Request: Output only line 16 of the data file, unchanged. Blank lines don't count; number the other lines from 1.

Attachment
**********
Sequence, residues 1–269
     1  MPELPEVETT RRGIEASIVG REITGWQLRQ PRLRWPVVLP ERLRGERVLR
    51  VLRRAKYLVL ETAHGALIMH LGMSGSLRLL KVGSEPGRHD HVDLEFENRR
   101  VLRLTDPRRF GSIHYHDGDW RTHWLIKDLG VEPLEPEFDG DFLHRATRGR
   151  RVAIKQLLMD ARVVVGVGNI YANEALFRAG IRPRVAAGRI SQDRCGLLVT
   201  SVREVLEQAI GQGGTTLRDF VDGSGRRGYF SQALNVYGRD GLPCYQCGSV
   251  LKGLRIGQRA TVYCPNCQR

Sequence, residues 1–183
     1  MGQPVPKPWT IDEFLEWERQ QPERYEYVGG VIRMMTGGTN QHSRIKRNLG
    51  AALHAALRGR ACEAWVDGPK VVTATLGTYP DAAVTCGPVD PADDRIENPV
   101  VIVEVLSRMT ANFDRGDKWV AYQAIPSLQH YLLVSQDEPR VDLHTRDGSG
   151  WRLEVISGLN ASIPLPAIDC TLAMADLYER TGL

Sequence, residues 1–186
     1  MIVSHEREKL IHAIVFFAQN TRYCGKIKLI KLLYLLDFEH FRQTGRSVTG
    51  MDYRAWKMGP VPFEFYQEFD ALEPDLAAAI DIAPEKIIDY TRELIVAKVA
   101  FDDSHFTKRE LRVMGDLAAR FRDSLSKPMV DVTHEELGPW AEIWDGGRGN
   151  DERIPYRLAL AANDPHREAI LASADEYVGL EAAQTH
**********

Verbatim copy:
   101  FDDSHFTKRE LRVMGDLAAR FRDSLSKPMV DVTHEELGPW AEIWDGGRGN